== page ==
Pekovic aims to stay healthy, productive this season
SEP 27, 2013 5:00a ET
An NBA history crossroads, embodied in 6 feet, 11 inches and 280 pounds of brute, eastern European force.
In terms of style, Nikola Pekovic ranks among the old-school. His thick frame and soft hands render him a traditional low-post scorer and rebounder, a dying breed in a league with more and more big men who can step out and hit long shots but sacrifice size down low.
But the mammoth Montenegrin's presence as one of the game's best centers wasn't as likely 15 years ago. A new focus on international scouting, latched upon by the likes of David Kahn and other past Timberwolves personnel gurus, has afforded guys like Pekovic the opportunity to showcase their talent on the world's biggest basketball stage.
After an offseason where his future served as the hot topic among Twin Cities basketball circles, the throwback-yet-modern-day big man is back.
Minnesota's climb from the depths of irrelevancy rests largely upon Pekovic's wide, mountainous shoulders.
2012-13 stats: 16.3 PPG, 8.8 RPG, 31.6 MPG, 62 GP, 52 FG PCT
2013 salary: $12,100,000
Last year: Perhaps the brightest silver lining to the Timberwolves' injury-plagued campaign was Pekovic's emergence as a prime scoring target. He'd shown the ability to rock the rim on occasion his first two years in the league, but with power forward Kevin Love sidelined most of the year, Pekovic received more touches.
He made the most of them.
Pekovic's 52-percent clip from the field ranked 20th in the league and eighth among fulltime centers. He doesn't have much range, but his athleticism, footwork and muscle allow him to overpower block defenders and finish efficiently. The same goes for rebounding, at both ends of the floor.
He was fairly reliable from the free-throw line, too. His 74.4-percent mark ranked fifth among fives in 2012-13.
A restricted free agent this past summer, Pekovic's performance was more than enough to rank him as Minnesota's No. 1 offseason priority. More than a month of haggling earned him a lucrative, five-year, $60 million contract.
The maximum-length deal also includes an incentives bundle. It's highly likely staying healthy will earn him more coin; Pekovic missed 20 games last year and has missed at least 17 each of his first three NBA seasons.
His defense is also a concern. Other than simply using his big frame to get in the way, he's not the prototypical rim protector balanced defensive teams require. For that reason, the Timberwolves drafted Gorgui Dieng and signed free agent Ronny Turiaf.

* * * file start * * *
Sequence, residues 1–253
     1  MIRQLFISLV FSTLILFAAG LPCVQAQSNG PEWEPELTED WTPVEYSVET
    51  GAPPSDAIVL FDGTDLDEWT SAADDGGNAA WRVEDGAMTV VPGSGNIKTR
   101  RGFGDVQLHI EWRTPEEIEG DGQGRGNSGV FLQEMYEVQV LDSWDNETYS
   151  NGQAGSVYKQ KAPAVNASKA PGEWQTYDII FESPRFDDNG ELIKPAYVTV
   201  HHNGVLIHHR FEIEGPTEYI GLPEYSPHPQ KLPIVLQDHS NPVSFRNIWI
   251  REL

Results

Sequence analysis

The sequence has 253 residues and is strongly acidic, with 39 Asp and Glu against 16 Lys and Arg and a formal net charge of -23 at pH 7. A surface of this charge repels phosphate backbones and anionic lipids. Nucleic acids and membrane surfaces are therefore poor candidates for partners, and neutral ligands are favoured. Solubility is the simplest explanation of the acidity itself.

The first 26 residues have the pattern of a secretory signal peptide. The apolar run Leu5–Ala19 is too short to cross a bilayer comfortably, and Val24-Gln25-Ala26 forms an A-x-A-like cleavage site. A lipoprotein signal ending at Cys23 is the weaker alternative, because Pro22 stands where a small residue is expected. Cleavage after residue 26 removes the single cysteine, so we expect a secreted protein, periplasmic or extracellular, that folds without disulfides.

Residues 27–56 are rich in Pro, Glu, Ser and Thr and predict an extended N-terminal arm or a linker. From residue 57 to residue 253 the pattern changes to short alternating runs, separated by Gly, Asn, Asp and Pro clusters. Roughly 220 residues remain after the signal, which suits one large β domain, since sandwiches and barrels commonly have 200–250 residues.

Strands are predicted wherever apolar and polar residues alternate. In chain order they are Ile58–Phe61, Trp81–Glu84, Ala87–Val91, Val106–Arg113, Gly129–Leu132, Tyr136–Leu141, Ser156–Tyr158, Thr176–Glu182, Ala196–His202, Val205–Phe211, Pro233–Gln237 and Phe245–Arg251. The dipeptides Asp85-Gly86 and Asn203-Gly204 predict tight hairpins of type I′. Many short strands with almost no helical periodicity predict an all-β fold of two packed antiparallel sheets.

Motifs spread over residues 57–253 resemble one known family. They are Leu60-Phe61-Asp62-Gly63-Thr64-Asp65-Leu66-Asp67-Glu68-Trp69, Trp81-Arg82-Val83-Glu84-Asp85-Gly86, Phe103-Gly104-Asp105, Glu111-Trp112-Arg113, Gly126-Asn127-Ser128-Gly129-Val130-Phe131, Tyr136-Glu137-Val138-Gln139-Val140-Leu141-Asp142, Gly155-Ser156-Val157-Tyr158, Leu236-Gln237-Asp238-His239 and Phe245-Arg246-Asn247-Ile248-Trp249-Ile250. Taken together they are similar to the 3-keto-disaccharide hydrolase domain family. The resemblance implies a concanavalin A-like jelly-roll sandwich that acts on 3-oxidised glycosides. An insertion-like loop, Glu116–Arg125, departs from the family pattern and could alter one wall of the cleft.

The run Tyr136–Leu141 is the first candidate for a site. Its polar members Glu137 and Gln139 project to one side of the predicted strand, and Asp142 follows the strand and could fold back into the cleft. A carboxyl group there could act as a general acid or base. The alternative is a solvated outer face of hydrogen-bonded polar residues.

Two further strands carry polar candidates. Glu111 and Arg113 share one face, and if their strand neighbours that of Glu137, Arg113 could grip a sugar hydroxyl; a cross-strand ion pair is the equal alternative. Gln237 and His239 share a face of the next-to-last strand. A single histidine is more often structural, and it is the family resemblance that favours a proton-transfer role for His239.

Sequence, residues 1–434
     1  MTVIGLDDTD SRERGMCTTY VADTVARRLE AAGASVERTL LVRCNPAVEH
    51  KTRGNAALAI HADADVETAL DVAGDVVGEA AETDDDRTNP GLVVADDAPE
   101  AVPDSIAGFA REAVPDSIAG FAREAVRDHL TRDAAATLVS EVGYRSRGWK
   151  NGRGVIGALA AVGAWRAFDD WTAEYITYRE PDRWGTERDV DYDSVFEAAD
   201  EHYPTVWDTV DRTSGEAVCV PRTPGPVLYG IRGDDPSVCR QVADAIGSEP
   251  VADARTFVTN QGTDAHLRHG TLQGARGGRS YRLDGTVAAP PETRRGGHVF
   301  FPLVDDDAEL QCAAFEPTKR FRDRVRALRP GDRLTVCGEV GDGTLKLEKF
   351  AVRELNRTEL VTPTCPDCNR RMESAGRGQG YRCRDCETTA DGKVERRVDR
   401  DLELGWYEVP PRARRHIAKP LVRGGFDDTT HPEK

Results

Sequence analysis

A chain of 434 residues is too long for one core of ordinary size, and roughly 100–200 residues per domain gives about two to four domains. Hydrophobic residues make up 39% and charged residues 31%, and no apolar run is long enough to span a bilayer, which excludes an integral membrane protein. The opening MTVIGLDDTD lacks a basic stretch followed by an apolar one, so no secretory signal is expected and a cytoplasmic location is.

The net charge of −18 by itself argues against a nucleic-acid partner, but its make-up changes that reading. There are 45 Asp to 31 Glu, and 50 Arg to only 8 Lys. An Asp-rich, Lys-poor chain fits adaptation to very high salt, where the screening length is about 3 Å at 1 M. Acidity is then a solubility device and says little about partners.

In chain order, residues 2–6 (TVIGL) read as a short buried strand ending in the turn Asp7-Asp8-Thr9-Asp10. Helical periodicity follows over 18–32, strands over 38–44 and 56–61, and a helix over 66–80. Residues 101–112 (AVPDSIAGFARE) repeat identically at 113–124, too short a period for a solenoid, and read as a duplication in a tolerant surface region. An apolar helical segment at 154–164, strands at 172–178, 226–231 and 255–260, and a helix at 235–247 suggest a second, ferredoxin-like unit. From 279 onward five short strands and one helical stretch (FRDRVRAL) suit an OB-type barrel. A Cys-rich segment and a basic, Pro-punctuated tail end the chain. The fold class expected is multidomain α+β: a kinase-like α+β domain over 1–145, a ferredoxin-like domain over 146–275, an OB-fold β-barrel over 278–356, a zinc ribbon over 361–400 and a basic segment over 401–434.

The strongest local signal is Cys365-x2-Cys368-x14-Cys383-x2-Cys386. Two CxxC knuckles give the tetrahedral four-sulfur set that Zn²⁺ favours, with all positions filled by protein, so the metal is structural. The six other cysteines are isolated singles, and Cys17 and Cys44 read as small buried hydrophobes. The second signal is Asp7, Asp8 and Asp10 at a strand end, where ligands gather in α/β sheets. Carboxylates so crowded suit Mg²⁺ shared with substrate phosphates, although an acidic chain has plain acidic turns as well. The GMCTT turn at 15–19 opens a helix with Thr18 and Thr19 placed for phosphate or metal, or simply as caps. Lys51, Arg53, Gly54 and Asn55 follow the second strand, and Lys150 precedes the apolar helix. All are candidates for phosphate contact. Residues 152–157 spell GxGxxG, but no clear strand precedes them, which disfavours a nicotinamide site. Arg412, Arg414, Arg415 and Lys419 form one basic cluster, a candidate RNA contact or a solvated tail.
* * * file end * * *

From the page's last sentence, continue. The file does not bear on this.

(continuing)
This year: For all his physical prowess and accomplishments, the 27-year-old Pekovic enters training camp shrouded by one central question.
Can he continue to produce with Love back in the lineup?
There won't be as many entry passes thrown his way with one of the league's premier power forwards back in the fold. That makes it imperative for Pekovic to produce when he goes get the ball.
But don't expect a wholesale demotion on the offensive end. Point guard Ricky Rubio has an uncanny knack for finding whichever teammate has the hot hand and grew well-attuned to Pekovic's habits and positioning last year.
Pekovic also will be counted on to create some of his own chances off offensive rebounds. He averaged a career-high 3.7 of those per game last season.
His most prominent goal, though, remains to stay on the floor. As long as his oft-sore calves and the rest of his lumbering body hold up, he'll be allowed to continue his ascent to the top of the league's true-center heap.
And he just might carry his team, which hasn't been to the playoffs since 2004, along with him.
From the front office: "You solidified the center position, which is a position that's a very tough position to solidify in the NBA. Not many centers have the ability to score in the low post, and he's one of the best if not the best in the league at doing that. We know he's a great rebounder and has great ability to finish off of passes from (Ricky) Rubio." -- Timberwolves president of basketball operations Flip Saunders
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